Seattle pilot's crashed plane may not be reached for months

CODY, Wyo. (AP) - With avalanche dangers looming, officials said Wednesday it could be months before crews can reach a single-engine plane that crashed on a mountain in northwest Wyoming, presumably killing two elderly brothers on board.

Robert L. Zimmerman, 84, of Huntsville, Alabama, and Ward H. Zimmerman, 86, of Seattle, are believed dead based on aerial views of the crash site on a rugged, snow-covered mountain just outside Yellowstone National Park.

The danger of an avalanche makes it too risky to put rescuers on the ground, the Park County Sheriff's Office said. The plane crashed at an elevation of about 9,900 feet on a 60-degree slope with a large cornice looming above the wreckage.

No effort to recover the bodies and the plane can be made until the avalanche risk ends and the deep snow melts enough, Sheriff's Office spokesman Lance Mathess said.

No one can say now when the conditions will improve, he said.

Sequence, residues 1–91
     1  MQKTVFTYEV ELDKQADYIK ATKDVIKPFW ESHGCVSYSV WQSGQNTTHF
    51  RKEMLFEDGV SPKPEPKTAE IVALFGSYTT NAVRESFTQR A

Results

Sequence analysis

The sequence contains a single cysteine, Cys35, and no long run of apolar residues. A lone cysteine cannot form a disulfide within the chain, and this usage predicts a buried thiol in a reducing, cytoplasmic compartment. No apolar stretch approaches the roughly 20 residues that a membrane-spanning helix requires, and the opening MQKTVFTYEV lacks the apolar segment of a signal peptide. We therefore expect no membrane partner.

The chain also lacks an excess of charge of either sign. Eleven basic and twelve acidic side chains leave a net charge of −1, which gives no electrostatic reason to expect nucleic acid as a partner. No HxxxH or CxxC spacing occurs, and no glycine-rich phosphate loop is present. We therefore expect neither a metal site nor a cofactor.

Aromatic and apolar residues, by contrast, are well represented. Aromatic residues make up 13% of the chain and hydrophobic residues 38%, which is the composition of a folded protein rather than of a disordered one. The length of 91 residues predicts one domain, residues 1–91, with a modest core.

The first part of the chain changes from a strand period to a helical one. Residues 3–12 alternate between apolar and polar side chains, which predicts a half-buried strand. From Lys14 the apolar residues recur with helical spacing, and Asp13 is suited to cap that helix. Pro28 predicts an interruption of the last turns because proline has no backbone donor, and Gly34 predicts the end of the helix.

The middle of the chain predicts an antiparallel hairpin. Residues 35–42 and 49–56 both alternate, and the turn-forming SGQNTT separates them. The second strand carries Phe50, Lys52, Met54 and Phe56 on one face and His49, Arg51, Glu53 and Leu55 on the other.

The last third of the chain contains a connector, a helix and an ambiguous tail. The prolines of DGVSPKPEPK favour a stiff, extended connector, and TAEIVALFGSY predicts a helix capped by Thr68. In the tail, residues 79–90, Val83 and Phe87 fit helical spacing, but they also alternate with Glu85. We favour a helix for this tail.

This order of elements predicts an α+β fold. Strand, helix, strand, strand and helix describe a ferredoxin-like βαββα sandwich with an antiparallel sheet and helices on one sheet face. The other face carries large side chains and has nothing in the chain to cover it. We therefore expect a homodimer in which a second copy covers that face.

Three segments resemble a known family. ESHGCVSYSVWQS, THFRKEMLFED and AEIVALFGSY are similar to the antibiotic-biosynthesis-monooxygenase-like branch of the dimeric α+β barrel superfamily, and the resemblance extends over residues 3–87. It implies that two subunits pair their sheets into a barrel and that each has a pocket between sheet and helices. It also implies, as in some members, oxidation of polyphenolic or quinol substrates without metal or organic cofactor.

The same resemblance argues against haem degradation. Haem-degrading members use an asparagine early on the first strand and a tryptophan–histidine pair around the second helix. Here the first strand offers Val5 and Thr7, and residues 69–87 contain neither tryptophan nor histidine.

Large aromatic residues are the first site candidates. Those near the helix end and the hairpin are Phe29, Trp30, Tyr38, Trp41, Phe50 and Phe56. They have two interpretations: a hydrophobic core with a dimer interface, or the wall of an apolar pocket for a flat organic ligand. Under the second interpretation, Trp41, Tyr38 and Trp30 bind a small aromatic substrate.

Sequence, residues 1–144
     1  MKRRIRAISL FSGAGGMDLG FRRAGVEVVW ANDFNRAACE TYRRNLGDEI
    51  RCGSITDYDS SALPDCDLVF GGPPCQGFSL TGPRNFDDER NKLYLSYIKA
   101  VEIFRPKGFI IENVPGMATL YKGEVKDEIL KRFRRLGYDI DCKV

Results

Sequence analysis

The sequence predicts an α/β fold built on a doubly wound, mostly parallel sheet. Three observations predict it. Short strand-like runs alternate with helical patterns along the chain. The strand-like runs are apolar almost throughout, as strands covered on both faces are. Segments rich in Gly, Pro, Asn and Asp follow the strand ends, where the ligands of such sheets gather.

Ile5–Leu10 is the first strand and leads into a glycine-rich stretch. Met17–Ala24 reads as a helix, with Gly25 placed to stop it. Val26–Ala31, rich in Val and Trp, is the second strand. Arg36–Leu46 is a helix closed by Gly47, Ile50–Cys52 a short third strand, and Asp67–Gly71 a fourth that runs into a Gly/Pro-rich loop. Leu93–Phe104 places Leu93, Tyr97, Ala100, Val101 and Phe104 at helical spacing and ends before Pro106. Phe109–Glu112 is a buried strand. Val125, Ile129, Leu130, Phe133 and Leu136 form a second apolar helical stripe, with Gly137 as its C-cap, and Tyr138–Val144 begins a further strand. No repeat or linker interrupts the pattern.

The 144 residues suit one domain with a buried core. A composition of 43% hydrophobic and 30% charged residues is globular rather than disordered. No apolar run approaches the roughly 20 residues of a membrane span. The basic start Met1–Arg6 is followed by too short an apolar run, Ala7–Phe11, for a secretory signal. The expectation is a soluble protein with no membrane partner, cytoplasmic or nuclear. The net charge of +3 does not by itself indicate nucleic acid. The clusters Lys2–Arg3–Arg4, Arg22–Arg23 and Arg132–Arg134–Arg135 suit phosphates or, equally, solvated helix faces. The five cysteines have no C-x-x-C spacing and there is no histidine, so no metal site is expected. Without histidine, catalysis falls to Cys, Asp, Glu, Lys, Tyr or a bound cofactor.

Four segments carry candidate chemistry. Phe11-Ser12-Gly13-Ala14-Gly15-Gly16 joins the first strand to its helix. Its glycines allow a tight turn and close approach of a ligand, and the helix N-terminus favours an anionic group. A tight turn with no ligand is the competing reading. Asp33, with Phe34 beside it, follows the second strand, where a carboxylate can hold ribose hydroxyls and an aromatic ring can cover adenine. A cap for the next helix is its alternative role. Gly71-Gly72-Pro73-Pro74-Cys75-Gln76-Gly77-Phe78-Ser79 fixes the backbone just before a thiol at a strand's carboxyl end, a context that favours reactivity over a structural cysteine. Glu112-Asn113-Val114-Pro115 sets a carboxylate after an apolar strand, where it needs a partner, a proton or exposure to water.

"It could be two weeks or it could be two months," Mathess said. "The snow cornice could fall today or it could hang on for months. The mountains tend to make their own weather, and we could still get significant snowfall up there."

The 1963 Mooney M20C was last seen May 6 departing Yellowstone Regional Airport in Cody. The plane with the Zimmermans aboard was reported missing Saturday and was found Monday on Howell Mountain, which peaks at 10,964 feet.

An attempt to use a Wyoming Army National Guard helicopter to drop a crew member down to the plane to determine the condition of the two men was abandoned after search-and-rescue members saw the crash site and the avalanche danger.

The brothers were headed from Cody to Twin Falls, Idaho, and then to Seattle. They had planned to fly over Yellowstone after taking off from the Cody airport.